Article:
If you are not familiar with how to install Drupal, it's actually not that hard, and you can install it in a LAMP environment. If you already have a local development machine with LAMP, it's a matter of creating a new MySQL database and following a point-and-click GUI install for Drupal. There are links at the end of this article in the Resources section for some basic Drupal install information. Note that Drupal has an entire command-line utility of its own called drush where you can install core and download contrib modules, but for the sake of this tutorial, I'm using the Drupal Admin UI. If you really decide to dive in head first to Drupal, drush can be a huge time saver.
Mock It Up
When creating a new content type, I like to do a quick mock-up to get a better picture of how I want the finished product to look. Figure 4 shows what I came up with for my Event.
Figure 4. Mock-up of how an Event page will look.
The mock-up helps determine which modules I'll use. You can find links for these in the Resources section. Contributed modules and Theme (contrib) required the following:
- Get Locations
- Chaos tool suite (ctools)
- Display Suite
- Professional Theme
Core Fields—included with Drupal 7 (no need to download):
- Overview (Long Text/Textarea)
Now that you know what modules and Theme you are going to use for building your Event content type, download the latest stable recommended release from drupal.org (highlighted in green on its project page). The recommended release should be sufficient, but there may be times when you run into a bug and need to use the latest dev release. Figure 5 shows an example of release information for a contrib module on drupal.org.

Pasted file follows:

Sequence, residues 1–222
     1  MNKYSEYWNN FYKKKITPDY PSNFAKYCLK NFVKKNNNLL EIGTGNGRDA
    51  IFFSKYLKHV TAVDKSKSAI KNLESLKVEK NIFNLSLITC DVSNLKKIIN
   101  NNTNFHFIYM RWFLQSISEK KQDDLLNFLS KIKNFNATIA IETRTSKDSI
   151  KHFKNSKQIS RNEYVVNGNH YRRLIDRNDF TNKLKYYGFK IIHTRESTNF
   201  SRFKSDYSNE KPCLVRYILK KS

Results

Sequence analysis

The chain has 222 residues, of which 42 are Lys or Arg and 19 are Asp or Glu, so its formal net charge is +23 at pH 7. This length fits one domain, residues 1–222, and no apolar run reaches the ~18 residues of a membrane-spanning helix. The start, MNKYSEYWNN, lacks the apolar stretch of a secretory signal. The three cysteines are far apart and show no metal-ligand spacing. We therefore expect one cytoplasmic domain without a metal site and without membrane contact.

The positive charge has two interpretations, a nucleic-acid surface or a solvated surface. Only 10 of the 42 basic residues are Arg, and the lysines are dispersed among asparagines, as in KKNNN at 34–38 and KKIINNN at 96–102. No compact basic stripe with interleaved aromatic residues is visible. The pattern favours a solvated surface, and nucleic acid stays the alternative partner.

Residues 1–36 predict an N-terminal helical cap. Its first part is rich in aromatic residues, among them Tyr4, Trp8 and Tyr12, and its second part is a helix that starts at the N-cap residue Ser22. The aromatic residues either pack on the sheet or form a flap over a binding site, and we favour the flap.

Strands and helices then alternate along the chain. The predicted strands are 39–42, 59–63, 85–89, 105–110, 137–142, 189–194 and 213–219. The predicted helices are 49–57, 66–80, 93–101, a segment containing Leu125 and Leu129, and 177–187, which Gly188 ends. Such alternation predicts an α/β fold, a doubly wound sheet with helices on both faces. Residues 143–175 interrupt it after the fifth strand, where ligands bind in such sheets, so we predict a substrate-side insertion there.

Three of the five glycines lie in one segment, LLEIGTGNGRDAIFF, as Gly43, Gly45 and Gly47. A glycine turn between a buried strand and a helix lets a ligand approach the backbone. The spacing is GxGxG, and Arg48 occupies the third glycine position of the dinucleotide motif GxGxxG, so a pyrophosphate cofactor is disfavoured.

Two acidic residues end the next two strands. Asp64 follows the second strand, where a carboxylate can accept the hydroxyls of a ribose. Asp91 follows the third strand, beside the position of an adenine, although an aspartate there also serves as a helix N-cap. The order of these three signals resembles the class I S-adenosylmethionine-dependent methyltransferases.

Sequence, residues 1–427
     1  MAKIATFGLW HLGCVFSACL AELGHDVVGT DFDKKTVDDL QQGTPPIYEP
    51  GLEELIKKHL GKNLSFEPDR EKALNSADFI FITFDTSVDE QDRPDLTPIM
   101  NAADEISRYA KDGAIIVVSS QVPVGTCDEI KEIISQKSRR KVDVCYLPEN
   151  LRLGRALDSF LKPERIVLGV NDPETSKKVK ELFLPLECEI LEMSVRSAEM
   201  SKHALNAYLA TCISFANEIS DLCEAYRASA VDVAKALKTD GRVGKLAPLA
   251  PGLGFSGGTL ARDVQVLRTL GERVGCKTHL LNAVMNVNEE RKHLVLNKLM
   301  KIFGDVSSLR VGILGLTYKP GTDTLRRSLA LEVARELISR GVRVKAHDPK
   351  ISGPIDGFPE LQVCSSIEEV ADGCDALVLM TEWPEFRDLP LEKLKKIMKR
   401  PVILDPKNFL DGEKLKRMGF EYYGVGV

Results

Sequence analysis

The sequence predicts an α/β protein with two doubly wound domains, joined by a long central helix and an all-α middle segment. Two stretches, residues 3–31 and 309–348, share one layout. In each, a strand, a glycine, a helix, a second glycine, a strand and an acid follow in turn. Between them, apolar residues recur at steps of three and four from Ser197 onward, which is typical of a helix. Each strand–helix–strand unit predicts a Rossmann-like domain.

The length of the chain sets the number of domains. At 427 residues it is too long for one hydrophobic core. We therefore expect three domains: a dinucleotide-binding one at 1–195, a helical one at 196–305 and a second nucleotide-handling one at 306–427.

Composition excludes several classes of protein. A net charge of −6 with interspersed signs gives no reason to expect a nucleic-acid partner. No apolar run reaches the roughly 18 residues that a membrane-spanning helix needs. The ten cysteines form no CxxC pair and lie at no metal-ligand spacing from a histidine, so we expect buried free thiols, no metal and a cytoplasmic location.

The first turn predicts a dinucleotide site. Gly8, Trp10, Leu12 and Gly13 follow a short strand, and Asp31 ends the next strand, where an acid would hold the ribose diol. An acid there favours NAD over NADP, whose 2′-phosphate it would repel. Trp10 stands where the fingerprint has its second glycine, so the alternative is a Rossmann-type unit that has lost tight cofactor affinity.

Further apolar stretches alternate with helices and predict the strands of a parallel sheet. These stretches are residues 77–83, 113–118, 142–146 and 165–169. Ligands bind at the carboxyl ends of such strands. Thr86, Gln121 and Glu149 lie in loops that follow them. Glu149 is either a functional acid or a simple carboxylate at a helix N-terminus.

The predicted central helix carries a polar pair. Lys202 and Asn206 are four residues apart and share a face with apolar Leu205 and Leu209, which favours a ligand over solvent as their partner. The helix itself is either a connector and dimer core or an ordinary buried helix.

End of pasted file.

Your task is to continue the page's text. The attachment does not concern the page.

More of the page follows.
Figure 5. The latest recommended release of a module is shown highlighted in green (7.x-1.5 in this case). Dev releases are red, and a new 2.x beta branch is yellow.
Download the modules, untar them, and put the resulting folders in the /sites/all/modules folder from Drupal root. Although you will see a Modules folder at root, never add third-party modules to this one; it's a core folder that gets updated or changed only when a core Drupal release comes out. Likewise, download the Professional Theme, untar it, and put it in /sites/all/themes.
You also need to download some map markers from the Get Locations project page. The getlocations-markers.tar.gz file should be sufficient. Untar this file, and put it in sites/all/libraries/getlocations/markers. Most likely you will have to create the Libraries folder on a new Drupal install, but if it exists already, simply make a new folder within that called getlocations, and then put the newly untarred Markers folder within that.
Danny Englander is a Drupal Developer specializing in theming, site building, UX, UI, responsive design and JQuery. He runs his own Drupal shop and freelances for various clients around the United States.
Web Development News
|Dynamic DNS—an Object Lesson in Problem Solving||May 21, 2013|
|Using Salt Stack and Vagrant for Drupal Development||May 20, 2013|
|Making Linux and Android Get Along (It's Not as Hard as It Sounds)||May 16, 2013|
|Drupal Is a Framework: Why Everyone Needs to Understand This||May 15, 2013|
|Home, My Backup Data Center||May 13, 2013|
|Non-Linux FOSS: Seashore||May 10, 2013|
- Dynamic DNS—an Object Lesson in Problem Solving
- Making Linux and Android Get Along (It's Not as Hard as It Sounds)
- Using Salt Stack and Vagrant for Drupal Development
- New Products
- A Topic for Discussion - Open Source Feature-Richness?
- Drupal Is a Framework: Why Everyone Needs to Understand This
- Validate an E-Mail Address with PHP, the Right Way
- RSS Feeds
- Readers' Choice Awards
- Tech Tip: Really Simple HTTP Server with Python
- BASH script to log IPs on public web server
37 min 23 sec ago
4 hours 13 min ago
- Reply to comment | Linux Journal
4 hours 45 min ago
- All the articles you talked
7 hours 9 min ago
- All the articles you talked
7 hours 12 min ago
- All the articles you talked
7 hours 13 min ago
11 hours 38 min ago
- Keeping track of IP address
13 hours 29 min ago
- Roll your own dynamic dns
18 hours 42 min ago
- Please correct the URL for Salt Stack's web site
21 hours 54 min ago